When the mighty oil workers union accused a former state petroleum chief of corruption earlier this month, the question on many minds was not whether the charges were true, but why the union chose to make them now.
The union, which has its own reputation for corruption, clearly was not taking a moral stand. The case itself had been investigated two years earlier by the attorney general and dismissed. And the target of the attack had long since left the oil company.
Coming as it did just a few weeks before December’s presidential inauguration, the corruption scandal is widely seen as a challenge by Joaquin Hernandez Galicia, the powerful boss of the oil workers union, to his longtime foe, President-elect Carlos Salinas de Gortari.
“This was a masterful play for power,” said Carlos Ramirez, a reporter who has covered the union for the newspaper El Financiero. “It was purely political.”
The public maneuver was highly unusual because the 200,000-member union is a pillar of Salinas’ ruling Institutional Revolutionary Party, and the former oil chief is a party stalwart.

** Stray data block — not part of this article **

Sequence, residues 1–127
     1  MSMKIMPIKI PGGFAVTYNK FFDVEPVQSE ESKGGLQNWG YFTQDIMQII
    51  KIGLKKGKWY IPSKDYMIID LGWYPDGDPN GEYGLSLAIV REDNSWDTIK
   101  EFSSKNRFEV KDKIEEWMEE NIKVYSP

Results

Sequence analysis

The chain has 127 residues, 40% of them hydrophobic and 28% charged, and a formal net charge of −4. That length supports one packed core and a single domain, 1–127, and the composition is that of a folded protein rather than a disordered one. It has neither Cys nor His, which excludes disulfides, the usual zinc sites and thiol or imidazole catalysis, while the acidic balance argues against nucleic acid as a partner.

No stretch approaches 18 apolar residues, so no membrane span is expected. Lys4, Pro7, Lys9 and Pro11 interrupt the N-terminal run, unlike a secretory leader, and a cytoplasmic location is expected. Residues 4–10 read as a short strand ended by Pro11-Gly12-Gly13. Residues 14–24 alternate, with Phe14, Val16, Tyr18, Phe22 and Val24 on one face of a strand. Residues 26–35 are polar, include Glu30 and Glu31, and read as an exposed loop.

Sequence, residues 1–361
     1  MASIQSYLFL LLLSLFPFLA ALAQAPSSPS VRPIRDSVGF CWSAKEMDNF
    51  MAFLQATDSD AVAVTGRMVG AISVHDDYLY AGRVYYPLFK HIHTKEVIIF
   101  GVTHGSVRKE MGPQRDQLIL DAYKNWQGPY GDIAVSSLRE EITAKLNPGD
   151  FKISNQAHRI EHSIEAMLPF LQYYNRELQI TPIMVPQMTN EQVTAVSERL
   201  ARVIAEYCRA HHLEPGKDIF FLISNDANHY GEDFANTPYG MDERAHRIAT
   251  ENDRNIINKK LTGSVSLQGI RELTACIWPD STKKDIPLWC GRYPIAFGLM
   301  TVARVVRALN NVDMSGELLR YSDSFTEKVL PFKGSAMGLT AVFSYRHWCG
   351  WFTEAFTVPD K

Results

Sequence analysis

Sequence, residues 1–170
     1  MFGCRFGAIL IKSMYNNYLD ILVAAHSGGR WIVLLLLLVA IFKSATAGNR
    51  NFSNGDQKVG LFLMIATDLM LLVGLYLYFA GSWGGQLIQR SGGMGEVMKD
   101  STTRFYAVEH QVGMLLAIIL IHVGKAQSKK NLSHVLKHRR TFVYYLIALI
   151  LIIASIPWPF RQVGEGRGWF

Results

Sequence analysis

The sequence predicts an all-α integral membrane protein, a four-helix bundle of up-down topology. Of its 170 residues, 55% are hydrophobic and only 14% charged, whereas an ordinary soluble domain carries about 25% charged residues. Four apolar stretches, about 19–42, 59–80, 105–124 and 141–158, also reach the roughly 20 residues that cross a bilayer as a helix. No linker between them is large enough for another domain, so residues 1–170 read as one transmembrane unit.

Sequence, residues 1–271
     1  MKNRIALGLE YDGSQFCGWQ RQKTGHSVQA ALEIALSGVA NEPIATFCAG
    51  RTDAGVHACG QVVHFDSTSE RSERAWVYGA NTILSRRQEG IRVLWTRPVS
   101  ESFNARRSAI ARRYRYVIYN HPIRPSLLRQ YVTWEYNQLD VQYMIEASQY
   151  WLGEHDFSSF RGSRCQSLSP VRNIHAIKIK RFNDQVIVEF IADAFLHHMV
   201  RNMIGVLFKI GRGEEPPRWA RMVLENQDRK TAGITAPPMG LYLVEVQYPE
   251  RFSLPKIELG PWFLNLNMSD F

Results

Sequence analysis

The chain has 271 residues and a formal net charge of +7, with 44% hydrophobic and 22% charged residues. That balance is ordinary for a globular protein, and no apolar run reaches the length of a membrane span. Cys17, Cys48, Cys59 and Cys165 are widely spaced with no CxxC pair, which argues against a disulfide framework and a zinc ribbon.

Yet Adolfo Barrientos, an oil union leader who is also a PRI congressman, stunned his colleagues in the Chamber of Deputies on Oct. 20 when he accused Gov. Mario Ramon Beteta of Mexico state of having embezzled $49 million as head of Petroleos Mexicanos, the state oil company universally known as Pemex. He asserted that in 1985, Beteta oversaw a deal by a company named Flota Petrolera Mexicana to buy two Yugoslav-built tankers with $2.5 million in capital, then lease them to Pemex at a profit of $49 million.
Seven deputies from the oil workers union rallied other PRI congressmen to vote with them and a newly powerful opposition bloc to launch an investigation. In doing so, the union demonstrated its capacity to embarrass the current president, Miguel de la Madrid, who had put his close friend Beteta in charge of Pemex as part of his “moral renovation” campaign.
The move also showed the next president, Salinas, that he can no longer take PRI votes for granted in Congress.
“I don’t know what they want, but this is terrible,” Luz Lajous, a PRI deputy, said. “It is terrible for Salinas and for the party. It is bad for all of us.”
Political analysts and PRI officials have come up with a long and varied list of things they think the oil workers may want, but principally it amounts to power: The union wants a voice in selecting a new director of the oil company, a role in government economic policy and a continued position of strength within the ruling party.